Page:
As noted, human beings have an instinct to fear those whom they cannot understand, and working a bit harder to understand them is a good solution to this fear.  It can help our instinctual fear, also, to remember that all human beings around the world have the same basic goals in life–
to survive
to have tolerable levels of physical and emotional pain
to have some times of positive emotions (feeling good)
to have sex
to raise children
to have at least some gratifying relationships with others. 

These are also the only goals that human beings have.  All others (such as seeking union with the divine or becoming a world champion at something) serve these goals.  No matter how odd we think their customs are (language, social rules and expectations, religion), those customs are aimed at helping the society’s members to achieve these same goals.  In this sense, we are all the same and can “understand” each other if we wish to.  Exposure through travel can help us to grasp this fact—that people across the globe are basically the same. 

Of course, we have no obligation to accept or value attitudes or values that are fundamentally unacceptable by all human beings.  There was a group in India at one point that valued violence and death (for others) and was even sometimes seen as a religion or sect (“thugee”).  This is so different from our usual human distaste for violence and death that we can legitimately reject it as a “value,” but this is far different from how one prays or even at what point a cut-off for allowable abortion should be set.

Here are some things to focus on in dealing with fear of difference.

1. Recognize and acknowledge your discomfort with difference.

2. We can start to deal with our fears and anxieties about difference by acknowledging that the forms and customs of our lives are only one of many possible ways that things can work acceptably.  People could get along just as well grasping each other by both shoulders as a form of greeting instead of shaking hands.  It doesn’t matter for relating to others that one culture has young people living at home until they marry while another has them leave home on their own before marrying.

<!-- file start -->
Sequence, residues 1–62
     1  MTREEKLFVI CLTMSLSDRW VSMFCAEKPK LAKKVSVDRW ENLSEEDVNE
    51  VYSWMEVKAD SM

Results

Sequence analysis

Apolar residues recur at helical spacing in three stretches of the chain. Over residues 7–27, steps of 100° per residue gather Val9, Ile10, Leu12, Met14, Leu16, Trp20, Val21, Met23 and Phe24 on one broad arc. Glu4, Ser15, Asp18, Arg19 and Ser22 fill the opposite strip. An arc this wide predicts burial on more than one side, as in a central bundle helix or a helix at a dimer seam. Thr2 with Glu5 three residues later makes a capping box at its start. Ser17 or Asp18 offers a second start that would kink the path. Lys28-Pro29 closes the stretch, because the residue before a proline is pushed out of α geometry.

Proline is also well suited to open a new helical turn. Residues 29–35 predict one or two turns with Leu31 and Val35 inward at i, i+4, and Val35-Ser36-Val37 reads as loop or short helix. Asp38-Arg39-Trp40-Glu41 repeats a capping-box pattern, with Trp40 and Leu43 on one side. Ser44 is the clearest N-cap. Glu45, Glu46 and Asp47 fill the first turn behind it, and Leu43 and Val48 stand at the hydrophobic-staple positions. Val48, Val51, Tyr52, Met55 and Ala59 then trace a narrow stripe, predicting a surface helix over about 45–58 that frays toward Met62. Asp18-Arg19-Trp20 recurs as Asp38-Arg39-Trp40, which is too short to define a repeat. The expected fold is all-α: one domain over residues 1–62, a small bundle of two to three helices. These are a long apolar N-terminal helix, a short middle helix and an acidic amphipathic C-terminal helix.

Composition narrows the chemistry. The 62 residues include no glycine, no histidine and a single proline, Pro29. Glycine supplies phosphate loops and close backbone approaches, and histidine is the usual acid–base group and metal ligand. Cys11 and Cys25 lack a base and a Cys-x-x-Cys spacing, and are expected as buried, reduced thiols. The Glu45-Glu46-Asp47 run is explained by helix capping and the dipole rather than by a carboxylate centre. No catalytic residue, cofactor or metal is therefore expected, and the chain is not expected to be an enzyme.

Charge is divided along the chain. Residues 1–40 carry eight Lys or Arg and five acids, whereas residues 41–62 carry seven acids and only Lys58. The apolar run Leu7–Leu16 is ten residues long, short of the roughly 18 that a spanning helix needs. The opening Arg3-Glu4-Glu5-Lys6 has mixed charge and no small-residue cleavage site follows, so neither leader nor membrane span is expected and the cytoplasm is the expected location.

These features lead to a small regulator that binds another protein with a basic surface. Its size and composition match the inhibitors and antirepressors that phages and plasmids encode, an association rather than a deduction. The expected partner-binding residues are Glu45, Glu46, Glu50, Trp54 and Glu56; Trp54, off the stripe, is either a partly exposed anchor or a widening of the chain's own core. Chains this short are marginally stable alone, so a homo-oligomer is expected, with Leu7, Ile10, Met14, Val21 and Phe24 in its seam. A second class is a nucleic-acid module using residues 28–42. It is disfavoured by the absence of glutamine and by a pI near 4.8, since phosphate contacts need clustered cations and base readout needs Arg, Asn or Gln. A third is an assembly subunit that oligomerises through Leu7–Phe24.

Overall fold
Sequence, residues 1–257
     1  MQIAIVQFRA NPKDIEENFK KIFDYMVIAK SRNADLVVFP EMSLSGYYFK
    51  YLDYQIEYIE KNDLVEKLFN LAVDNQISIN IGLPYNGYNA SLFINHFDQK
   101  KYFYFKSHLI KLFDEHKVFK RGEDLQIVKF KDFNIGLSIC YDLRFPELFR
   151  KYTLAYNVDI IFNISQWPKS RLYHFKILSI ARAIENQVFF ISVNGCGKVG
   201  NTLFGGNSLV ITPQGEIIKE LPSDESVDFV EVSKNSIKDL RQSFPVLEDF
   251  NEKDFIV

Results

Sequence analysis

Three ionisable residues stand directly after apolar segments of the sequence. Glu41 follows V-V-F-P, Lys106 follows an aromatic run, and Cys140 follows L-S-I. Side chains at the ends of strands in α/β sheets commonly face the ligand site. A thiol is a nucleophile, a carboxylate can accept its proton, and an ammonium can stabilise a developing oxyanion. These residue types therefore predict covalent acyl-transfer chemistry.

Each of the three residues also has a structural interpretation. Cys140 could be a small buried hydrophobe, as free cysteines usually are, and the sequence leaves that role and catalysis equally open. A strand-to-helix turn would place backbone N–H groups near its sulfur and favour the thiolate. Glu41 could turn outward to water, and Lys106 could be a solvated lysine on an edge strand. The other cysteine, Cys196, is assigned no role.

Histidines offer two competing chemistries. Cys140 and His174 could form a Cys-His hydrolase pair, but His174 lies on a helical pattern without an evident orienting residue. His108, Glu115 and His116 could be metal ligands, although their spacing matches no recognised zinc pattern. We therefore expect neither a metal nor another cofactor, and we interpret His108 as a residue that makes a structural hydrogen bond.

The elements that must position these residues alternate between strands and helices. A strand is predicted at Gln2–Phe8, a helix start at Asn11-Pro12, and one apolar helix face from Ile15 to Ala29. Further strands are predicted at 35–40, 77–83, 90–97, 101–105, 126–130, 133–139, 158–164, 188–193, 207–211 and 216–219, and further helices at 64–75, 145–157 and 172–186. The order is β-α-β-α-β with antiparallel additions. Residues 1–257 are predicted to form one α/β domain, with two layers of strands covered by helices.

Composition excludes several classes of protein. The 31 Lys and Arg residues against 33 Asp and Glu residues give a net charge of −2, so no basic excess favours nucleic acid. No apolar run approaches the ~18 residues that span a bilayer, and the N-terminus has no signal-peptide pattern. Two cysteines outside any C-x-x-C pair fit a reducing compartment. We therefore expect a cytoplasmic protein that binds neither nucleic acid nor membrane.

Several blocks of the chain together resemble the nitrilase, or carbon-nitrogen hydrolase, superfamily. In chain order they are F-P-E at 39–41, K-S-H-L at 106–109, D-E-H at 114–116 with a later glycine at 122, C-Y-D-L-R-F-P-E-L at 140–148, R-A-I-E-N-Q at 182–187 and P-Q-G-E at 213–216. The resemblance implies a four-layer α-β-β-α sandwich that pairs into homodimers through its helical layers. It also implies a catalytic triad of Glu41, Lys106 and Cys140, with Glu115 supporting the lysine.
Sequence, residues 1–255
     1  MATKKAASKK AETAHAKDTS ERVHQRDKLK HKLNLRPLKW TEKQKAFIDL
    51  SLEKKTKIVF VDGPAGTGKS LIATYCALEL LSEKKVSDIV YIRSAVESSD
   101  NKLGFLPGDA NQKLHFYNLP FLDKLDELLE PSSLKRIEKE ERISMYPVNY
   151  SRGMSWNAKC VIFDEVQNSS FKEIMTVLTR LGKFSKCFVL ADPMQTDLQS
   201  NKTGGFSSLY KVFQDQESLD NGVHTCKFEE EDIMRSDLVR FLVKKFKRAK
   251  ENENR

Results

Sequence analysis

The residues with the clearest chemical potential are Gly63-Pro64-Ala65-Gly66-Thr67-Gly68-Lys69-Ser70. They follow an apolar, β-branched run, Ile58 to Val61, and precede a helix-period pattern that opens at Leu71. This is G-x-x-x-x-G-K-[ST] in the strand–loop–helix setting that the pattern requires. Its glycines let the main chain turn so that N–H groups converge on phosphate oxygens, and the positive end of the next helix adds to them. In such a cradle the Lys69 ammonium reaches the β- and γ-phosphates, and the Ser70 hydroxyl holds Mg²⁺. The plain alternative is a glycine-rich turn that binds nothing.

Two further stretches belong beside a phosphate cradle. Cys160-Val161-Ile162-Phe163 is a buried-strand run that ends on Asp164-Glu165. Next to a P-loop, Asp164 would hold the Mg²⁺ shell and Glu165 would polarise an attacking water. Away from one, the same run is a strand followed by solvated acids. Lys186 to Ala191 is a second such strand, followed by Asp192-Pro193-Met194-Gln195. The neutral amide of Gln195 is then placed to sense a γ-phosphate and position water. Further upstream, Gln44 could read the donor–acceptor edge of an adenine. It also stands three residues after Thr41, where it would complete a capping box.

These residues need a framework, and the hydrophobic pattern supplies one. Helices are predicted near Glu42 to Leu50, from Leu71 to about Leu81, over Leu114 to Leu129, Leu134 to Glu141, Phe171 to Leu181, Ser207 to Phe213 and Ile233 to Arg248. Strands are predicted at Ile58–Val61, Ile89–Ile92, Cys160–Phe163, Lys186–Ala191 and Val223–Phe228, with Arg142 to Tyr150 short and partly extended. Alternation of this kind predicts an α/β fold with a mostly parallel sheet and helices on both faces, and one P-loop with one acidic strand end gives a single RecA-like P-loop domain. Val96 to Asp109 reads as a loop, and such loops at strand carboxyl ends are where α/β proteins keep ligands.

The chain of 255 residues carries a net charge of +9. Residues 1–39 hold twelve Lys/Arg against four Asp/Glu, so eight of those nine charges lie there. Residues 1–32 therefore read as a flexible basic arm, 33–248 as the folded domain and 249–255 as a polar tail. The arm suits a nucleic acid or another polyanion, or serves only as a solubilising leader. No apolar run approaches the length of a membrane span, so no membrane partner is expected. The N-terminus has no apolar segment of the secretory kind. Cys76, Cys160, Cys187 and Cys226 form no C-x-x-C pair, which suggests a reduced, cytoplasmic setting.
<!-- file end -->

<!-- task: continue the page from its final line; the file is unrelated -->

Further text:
3. A further step is to fully accept that there may in fact be ways that are just as good as ours (or even better), and that it is in our interest to be open to considering all possibilities.  We would then fully accept that our nation and culture are not necessarily better than others and that we are probably no smarter than other people either.

Religion is cited by some as the reason that they cannot accept those who are different–both people within and people outside of their own culture.  In my opinion, the same arguments above apply here as well.  God didn’t say which language we should speak or which laws we should pass, just as He didn’t specify that the cross should be the symbol of Christianity.  Most of us would treat our neighbors decently even if God did not say to, because it makes for better relations if we do, and we feel better when we have good relations with those around us. 

4. Stop wanting others to change so that you can be more comfortable or get what you want.  A significant amount of conflict between people is due to some wishing others to change or be different so that they will not feel threatened with regard to those others’ views or behavior.  We see this most starkly in marital relationships and in the people who would like everyone who is not Anglo-Saxon in background to leave the country, so they could feel more secure.  It would be convenient and more comfortable if everyone’s ways of doing things were the same, but we will accomplish more by adapting to differences than we will by trying to convince or force others to change.  Trying to get others to change for your benefit is usually a losing proposition, since they are just as attached to their ways of doing things as you are to yours, and it is quite difficult for any of us to believe that changing our ways will benefit us (unless our backs are “against the wall”).  We should contemplate and accept the fact that people of other political persuasions are just as attached to their ways of doing things as we are to our ways and have just as much justification for being that way as we do.